Happy first of the month to all, and what a great way to kick it off by carrying on from our last blog post. We chatted about the importance of your involvement with your child outside of Thriving, to continue their development. But the age-old question is how?
Well activities at home should compliment the activities in Thriving. This means they should target some key fundamental moving skills (e.g. catching, throwing, balance and jumping) while sneaking in some strength. But most importantly it must be fun and engaging.
Now this may all sound like a lot and somewhat impossible BUT we are here to help and give a few activities to try out yourself!
Throwing items: beanbags or socks
“Hole”: Bucket, laundry baskets, or cardboard boxes (the bigger the easier the activity is)
Tape: to mark tee off areas (if you don’t want to use tape find a piece of paper scrap)
Place the “holes” around the house to make a complete golf course.
Place tape on the floor to mark where you throw from for each hole.
Take turns standing on each golf tee and tossing (underhand) the item into the “hole”.
Continue tossing at each “hole” until the player sinks the item.
Go around the house golf course and keep track of how many tosses each of you requires to sink a shot at each hole.
Too make it a little harder, make the toss distance larger or decrease the size of the hole
Once the underhand throw has been mastered, play again using overhand throws
This activity helps to develop coordination of the upper body and fine motor control. These skills transfer to many sports and other activities that have a throwing component.
An open space: cleared of obstacles
Boundaries: cones, tape or floor edges
Music: loud and fun!
Outside activity: choose an activity that must be completed on the outside before the player can come back in (e.g. 10 squats, 5 push ups or 10 star jumps)
Play the music and run or dance around the area
Once the music stops, all players must freeze on the spot
Hold your statue position until the music is played again
If you don’t stop or hold your statue stand outside the boundaries and complete the activity that was set to come back in
You can use place markers (e.g. pillows) as a location of where the kids have to run and freeze. Have one less than the players to use the outside activity
Increase the freezing time
Running and dancing around will get the kids’ heart pumping and their balance will be challenged during the freeze times. The start stop rules are also teaching children to listen and follow instructions.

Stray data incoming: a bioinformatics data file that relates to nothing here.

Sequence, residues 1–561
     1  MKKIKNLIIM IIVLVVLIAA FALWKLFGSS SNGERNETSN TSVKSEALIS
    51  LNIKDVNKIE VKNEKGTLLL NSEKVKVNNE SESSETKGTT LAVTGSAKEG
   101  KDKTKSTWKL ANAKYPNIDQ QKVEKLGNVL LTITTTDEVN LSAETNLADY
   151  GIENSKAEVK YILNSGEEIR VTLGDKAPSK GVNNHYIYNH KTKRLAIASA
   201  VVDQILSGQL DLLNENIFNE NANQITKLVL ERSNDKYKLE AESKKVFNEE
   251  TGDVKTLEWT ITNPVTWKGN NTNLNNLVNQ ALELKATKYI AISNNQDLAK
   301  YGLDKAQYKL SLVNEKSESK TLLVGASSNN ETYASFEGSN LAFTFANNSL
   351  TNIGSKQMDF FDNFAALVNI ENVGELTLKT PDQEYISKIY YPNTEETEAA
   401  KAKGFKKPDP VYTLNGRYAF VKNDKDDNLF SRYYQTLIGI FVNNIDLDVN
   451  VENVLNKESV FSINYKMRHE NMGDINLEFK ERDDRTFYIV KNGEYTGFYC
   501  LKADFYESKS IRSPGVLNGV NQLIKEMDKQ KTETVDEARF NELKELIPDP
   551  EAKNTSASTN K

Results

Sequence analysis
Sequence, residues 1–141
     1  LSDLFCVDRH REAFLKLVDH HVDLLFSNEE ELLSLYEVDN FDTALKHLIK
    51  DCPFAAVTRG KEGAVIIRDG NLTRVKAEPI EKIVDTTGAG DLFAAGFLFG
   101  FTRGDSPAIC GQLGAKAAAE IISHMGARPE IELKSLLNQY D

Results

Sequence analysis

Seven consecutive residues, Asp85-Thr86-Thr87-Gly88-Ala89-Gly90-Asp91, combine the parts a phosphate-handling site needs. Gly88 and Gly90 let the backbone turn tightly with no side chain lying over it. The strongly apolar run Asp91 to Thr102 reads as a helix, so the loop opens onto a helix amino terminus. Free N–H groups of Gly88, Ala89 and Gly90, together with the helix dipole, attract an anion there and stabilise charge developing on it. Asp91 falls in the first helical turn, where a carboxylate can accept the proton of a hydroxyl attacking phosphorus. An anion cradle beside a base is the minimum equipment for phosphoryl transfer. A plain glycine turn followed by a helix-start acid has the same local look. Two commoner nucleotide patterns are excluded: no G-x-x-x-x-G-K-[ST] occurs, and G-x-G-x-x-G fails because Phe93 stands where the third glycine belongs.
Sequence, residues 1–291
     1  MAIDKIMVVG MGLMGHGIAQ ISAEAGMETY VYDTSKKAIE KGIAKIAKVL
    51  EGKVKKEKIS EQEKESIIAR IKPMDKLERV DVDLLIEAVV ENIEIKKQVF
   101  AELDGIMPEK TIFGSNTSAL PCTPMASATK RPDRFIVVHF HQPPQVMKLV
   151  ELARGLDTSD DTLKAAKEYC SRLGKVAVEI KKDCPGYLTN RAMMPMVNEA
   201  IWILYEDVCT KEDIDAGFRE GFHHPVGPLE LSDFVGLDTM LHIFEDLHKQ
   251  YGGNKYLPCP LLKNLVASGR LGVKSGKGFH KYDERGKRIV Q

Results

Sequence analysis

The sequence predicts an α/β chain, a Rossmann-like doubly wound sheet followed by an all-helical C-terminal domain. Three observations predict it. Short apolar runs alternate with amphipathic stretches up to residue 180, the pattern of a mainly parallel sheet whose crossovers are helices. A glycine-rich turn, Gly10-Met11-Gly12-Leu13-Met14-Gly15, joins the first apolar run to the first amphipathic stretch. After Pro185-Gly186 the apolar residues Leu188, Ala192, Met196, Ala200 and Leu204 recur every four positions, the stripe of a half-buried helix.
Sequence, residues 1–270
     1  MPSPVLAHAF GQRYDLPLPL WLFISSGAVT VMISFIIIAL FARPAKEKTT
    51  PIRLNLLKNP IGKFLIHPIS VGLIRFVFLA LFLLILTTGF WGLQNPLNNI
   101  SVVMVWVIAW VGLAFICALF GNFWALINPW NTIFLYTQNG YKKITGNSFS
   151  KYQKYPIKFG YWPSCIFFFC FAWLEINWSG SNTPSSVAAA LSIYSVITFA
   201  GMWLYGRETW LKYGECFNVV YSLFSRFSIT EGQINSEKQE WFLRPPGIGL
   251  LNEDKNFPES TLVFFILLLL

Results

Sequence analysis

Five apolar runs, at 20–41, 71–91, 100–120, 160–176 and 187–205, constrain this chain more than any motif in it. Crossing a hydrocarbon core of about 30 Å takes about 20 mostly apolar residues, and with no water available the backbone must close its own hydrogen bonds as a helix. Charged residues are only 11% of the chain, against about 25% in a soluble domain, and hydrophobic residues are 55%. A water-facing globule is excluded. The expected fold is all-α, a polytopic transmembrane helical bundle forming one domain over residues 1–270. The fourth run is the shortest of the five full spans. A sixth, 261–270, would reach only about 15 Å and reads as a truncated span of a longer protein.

Soft ground space: carpet, grass or turf
Cones: for players to go around. Can be other objects that stand up e.g. books, water bottles or containers
Even number of people
Have one child on their hands and knees and other behind. The child behind grabs the feet of the other and carries them as the child on the ground crawls forward with only their hands.
Make your way around the cone and back as fast as you can.
Once back to the start swap over roles and complete course again
To make it more challenging add obstacles and a non straight path for the kids to follow
If carrying the legs are too challenging have the parents hold the legs and the kids complete to laps of crawling with only hands.
The upper body is getting a full workout in this activity along with working coordination for both of the children. Teamwork and communication are also key aspects of the game.
4.Egg and Spoon
Spoons: if you don’t want to use the good kitchen items you can use other flat objects e.g. cricket bat or book
Egg: we recommend not using actual eggs (boiled may be less messy if the kids insist!) instead try a small soft ball or balled up socks
Cones: to mark out your course. Can also use other items that stand up e.g. fan, book or water bottles
Have each player place their “egg” on their “spoon” only using one hand to hold on
Shout “Ready, set….GO!” and the players must complete the course without dropping the egg.
If the egg is dropped you can set “challenges” that need to be completed before picking the egg back up e.g. 10 star jumps or 10 squats.
Once the child completes the course, tag the next person to go.
After every member on the team has completed the course one, everyone sits down; first team to be seated wins.
Include obstacles that need to be dodge to put more challenge on their balance and coordination
Try bigger eggs or spoons to make it easier
Hand eye-coordination is the main target of this game. With obstacles the children will also have to use their peripheral vision and have fast decision making skills on how to avoid them without dropping the egg.
Why not try out these few games to get the family fun ball rolling!